A Surprise Choice at OMB

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A few weeks ago, it looked as though the successor to OMB director Peter Orszag would be either Laura Tyson, the Berkeley economist and Clinton vet, or Gene Sperling, another Clinton vet and a senior Treasury adviser. Both are eminently qualified, though at the time Tyson appeared to have a leg up. Behind the scenes, though, an interesting power play was taking place. One faction, which I'm told included Rahm Emanuel and David Axelrod, was pushing for Tyson in the belief that she had experience, know-how, and would make an excellent public spokeswoman--something the White House desperately needs. Another faction, led by NEC director Larry Summers and Treasury secretary Tim Geithner, was pushing Sperling. "Larry and Tim, unless the White House comes up with some better idea, Gene is their top choice," a senior administration official told me back then. Another official indicated that the effort on Sperling's behalf was more aggressive: "The NEC is trying to kill Tyson."

Some of this jockeying played out in the media, which might have soured Obama on both candidates. Alexis Simendinger reported in the National Journal about a week ago, "President Obama's top advisers are seeking an overlooked miracle worker who understands budgeting, Obama's agenda, politics, Congress, the media, management; is perhaps an economist, would go mano-a-mano with economic adviser Lawrence Summers, has no Wall Street or big-bank taint, and is not just another white male."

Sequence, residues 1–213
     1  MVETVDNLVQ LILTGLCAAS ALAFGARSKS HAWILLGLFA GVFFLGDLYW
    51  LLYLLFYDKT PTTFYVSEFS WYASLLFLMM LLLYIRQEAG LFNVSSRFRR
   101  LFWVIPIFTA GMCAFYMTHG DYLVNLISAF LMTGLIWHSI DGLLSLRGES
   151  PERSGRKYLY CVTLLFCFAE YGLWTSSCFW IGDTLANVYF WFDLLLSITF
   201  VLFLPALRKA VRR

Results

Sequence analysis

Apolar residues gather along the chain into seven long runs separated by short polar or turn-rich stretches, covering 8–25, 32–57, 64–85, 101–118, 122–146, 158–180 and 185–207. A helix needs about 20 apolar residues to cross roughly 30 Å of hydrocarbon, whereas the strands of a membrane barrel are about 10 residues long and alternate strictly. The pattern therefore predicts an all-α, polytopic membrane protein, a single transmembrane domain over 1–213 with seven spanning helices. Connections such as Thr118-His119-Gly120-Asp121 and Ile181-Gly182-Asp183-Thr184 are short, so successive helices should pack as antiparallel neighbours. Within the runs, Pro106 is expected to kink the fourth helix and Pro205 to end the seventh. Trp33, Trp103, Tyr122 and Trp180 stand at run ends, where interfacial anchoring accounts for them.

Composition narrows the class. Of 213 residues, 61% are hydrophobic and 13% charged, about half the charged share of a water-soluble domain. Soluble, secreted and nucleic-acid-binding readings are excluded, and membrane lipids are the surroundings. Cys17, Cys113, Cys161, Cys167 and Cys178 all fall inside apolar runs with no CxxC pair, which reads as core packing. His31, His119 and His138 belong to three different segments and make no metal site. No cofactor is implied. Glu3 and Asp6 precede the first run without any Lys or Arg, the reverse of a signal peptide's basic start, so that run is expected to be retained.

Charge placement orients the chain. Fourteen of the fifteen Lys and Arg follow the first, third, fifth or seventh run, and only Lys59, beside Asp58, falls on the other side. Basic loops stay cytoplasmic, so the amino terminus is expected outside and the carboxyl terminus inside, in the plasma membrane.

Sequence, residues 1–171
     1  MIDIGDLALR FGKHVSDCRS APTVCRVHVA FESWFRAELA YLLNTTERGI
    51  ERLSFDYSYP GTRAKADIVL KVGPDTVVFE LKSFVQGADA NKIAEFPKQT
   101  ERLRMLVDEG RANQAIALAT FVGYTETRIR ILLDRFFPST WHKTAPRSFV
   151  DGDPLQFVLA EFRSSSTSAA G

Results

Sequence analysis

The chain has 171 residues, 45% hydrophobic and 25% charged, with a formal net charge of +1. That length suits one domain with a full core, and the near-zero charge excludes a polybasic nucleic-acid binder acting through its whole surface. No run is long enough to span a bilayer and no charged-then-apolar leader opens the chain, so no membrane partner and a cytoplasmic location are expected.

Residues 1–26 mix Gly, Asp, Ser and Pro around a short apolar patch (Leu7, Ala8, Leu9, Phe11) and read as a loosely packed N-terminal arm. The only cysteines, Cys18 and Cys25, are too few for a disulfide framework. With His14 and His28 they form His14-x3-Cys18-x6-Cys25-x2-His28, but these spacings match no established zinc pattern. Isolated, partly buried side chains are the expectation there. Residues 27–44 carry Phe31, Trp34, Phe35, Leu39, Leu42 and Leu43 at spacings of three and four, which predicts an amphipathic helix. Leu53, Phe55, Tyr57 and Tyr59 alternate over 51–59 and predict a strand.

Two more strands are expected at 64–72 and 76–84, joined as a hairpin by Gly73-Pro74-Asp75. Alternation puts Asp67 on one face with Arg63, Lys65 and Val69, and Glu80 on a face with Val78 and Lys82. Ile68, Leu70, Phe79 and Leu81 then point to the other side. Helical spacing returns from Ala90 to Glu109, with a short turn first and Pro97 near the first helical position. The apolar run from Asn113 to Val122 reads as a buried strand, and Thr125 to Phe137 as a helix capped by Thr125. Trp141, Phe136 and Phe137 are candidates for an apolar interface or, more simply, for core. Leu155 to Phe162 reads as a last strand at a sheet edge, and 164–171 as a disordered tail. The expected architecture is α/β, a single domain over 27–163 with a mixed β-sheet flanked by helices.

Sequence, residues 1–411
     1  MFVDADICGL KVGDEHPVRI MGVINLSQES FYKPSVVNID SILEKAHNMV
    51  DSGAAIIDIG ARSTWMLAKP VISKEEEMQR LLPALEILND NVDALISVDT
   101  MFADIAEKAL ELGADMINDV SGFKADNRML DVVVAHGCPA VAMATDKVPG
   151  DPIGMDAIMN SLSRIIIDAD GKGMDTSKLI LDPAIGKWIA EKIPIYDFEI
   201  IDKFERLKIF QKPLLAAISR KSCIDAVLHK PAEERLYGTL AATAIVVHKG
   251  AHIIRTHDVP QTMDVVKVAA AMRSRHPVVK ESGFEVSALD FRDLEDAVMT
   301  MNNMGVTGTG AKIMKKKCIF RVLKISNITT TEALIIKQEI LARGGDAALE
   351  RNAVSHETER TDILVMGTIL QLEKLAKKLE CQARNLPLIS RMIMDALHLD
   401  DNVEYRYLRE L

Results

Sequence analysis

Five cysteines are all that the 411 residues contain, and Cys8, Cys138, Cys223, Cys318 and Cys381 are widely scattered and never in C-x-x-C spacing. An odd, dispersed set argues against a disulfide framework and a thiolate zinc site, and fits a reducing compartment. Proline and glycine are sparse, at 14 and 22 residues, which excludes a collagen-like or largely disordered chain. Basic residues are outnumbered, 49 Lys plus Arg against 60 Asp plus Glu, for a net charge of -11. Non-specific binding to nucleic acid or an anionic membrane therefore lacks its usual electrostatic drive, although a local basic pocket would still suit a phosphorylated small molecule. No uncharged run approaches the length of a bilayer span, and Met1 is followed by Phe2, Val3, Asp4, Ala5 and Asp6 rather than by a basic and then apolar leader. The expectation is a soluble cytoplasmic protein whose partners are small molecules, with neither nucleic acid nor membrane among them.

This morning, word came that neither Tyson nor Sperling had gotten the OMB job. Instead, it went to Jack Lew--another white male, who held the job in the Clinton administration. A couple of weeks ago, Lew's name was pretty far back on the list of contenders. So I think it's safe to say that the White House didn't find a miracle worker. Jonathan Cohn wrote a good overview of Lew on Sunday.

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Joshua Green is a former senior editor at The Atlantic.

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